The Lying Truth

"You're a Jew, huh?" The kids in my class were curious. One girl asked me where my horns were and another student demanded to know why my people killed his savior...

3 min

Yehudit Channen

Posted on 16.11.2016

When I was eleven years old, my family moved to a rural part of Maryland called Scaggsville. My father got a notion into his head to live the country life, although he was an intellectual who had never even mowed the lawn. I think he might have watched one too many episodes of Green Acres.


I was enchanted with our new home — a 16 room giant of a house, at least sixty years old, on an acre and a half of beautiful land close to a lake.


The only problem was that we were the Only Jews in Town. At that time we were not really observant and so on Friday nights my Dad used to drive us to the nearest synagogue, which was in the basement of a bank.


News traveled fast. Our last name, Jaffee, coupled with our dark hair and the fact that for the first few Sundays in Scaggsville we failed to turn up for services at any of the neighborhood churches, were a dead giveaway that we were Jewish.


The kids in my class were curious. One girl asked me where my horns were and another student demanded to know why my people killed his savior. I remember pulling matzah out of my lunch bag during Passover. The kids sitting near me were intrigued, ”What kind of big cracker is that?” they asked. I passed it around and everyone took a piece and enjoyed it. I told my Mom to put extra matzah in my lunch the next day. I made friends and got along fine, although I knew I was different.


My older brother did not fare as well. He was enrolled in the local high school together with tougher students. He got picked on plenty and got into fights on a regular basis. Being a girl, I was spared all that torment.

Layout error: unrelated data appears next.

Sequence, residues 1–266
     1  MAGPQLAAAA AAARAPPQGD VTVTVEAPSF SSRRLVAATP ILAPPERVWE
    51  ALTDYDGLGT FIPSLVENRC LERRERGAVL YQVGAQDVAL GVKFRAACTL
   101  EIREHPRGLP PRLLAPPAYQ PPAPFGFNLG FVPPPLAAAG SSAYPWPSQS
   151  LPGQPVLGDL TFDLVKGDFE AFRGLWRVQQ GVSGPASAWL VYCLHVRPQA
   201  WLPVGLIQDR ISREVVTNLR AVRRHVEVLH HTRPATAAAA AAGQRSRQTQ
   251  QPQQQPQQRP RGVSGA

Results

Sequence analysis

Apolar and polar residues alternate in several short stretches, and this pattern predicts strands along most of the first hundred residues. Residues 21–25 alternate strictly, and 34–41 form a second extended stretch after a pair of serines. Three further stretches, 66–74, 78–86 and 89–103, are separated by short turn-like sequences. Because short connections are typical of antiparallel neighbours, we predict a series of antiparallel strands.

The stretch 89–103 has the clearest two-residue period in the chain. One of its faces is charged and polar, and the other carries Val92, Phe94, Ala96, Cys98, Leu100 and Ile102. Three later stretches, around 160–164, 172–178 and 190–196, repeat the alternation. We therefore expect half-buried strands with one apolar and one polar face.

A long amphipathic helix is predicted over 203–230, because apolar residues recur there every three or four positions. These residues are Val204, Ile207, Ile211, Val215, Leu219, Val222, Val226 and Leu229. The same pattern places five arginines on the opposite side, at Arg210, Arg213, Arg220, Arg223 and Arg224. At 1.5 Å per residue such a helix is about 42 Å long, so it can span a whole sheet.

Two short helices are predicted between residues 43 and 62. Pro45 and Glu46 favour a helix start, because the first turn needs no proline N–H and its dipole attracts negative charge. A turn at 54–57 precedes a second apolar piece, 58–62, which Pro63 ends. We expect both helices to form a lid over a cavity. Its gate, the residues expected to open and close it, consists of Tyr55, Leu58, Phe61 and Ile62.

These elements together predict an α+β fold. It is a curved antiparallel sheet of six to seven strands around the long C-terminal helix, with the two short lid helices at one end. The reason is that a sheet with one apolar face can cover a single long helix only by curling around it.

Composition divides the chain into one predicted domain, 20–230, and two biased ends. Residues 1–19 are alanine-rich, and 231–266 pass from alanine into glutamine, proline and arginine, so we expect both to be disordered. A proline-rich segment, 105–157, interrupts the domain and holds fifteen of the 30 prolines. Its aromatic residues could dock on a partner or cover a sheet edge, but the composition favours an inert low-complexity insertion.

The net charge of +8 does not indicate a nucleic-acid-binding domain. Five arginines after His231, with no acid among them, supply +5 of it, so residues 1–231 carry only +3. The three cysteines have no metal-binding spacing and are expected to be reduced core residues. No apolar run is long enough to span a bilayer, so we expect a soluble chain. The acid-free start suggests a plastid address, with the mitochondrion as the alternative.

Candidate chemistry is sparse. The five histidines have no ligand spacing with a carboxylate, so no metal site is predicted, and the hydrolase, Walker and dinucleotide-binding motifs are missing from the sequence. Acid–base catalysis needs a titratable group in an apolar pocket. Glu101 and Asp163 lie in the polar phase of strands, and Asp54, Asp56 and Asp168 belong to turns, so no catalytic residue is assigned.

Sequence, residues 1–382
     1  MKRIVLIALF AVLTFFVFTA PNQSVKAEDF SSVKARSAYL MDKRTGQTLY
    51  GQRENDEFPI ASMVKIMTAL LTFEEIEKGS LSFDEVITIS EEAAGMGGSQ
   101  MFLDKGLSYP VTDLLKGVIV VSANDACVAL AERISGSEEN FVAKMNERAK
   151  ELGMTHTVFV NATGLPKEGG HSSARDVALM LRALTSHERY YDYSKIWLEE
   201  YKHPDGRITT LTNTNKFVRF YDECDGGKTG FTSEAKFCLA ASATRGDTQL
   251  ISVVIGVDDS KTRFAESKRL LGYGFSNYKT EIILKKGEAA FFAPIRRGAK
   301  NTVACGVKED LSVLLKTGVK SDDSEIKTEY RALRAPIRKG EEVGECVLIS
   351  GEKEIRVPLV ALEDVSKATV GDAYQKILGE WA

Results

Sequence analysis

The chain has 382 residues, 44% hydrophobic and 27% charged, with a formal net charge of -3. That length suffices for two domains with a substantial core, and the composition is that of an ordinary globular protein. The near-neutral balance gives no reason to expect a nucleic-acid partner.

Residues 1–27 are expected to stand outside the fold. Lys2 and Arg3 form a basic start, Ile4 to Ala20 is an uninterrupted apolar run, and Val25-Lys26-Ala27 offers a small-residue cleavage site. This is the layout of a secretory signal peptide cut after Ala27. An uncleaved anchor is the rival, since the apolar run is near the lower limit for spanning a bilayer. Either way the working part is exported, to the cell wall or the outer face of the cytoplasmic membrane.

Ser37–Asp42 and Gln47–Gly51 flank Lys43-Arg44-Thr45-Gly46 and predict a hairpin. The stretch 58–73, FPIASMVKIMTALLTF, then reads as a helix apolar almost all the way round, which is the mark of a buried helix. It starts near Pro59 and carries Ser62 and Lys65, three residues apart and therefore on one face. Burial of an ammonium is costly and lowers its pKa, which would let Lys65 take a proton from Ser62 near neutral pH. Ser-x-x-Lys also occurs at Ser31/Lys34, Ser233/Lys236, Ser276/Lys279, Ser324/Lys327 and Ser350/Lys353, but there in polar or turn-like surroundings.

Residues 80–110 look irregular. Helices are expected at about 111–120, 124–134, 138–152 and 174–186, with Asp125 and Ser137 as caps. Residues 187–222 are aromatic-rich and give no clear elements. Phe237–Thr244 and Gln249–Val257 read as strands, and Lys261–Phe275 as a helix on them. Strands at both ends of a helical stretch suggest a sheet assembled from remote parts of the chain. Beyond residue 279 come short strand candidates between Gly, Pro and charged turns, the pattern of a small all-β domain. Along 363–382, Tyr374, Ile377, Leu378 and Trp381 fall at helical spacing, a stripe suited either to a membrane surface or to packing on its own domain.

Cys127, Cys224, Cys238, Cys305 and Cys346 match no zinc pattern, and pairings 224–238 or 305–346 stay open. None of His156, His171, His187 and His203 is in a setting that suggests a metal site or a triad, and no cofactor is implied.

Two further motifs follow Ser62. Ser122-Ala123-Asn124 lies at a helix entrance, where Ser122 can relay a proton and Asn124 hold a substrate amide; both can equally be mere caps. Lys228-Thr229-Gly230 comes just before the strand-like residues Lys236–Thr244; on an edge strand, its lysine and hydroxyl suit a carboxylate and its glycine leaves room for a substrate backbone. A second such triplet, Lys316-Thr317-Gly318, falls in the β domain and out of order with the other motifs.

Except for once. On a late winter afternoon, I was taking my coat from the locker and getting ready to head home. Four of the biggest, scariest girls in the school came over and backed me up against the wall. They stared at me intently and I was so frightened  I wanted to melt into a puddle like the witch of the west. ''Is it true you're Jewish?” one of them asked. I pulled myself together, looked her straight in the eye and… lied. “I'm Methodist!” I declared proudly. They took my word for it and let me go. I ran to catch the school bus as it left the parking lot.


When my stop came I climbed off and spent the evening in a deep state of shame. I couldn't even tell my mother. I was so disappointed in myself. Why wasn't I braver, why didn't I do the noble thing and proudly admit that, yes, I am Jewish and be willing to take the consequences, no matter what? I couldn't even defend myself that I was afraid for my life because I wasn't convinced those girls would have beaten me up.


This turned out to be a defining moment in my life. I began thinking about being Jewish and why people were so proud of it. So proud and so committed that they were even willing to die for it! My willingness to lie made me understand that I didn't value being Jewish as much as I should have.


Years later, during a college break, I traveled to Israel to begin learning about Torah and Judaism. This led to becoming religious, marrying a Torah scholar and raising a large observant family. (My brother also became religious as well as a black-belt in karate!)


When I think back to that moment in Scaggsville, Md., when I had a tough choice to make, I can only feel gratitude to the Almighty that my lie ultimately led me to the truth.



* * *

Rebbitzen Yehudit Channen began her career as a Crisis Intervention Counselor in Silver Spring, Md. in the seventies. After moving to Israel, she worked as a marital mediator and social skills instructor for kids. Following the death of a son, Rebbitzen Channen became a certified bereavement counselor and worked with young mothers who had suffered loss. Most recently she worked at the Melabev Center for the memory-impaired, as an activity director and group facilitator for families coping with Dementia.  The Rebbitzen has written for numerous magazines and newspapers and recently led an interactive creative writing course called Connective Writing. Yehudit Channen is the wife of Rabbi Don Channen, Rosh Yeshiva of Keter HaTorah.  They are blessed to have nine children and many grandchildren and live in Ramat Beit Shemesh.

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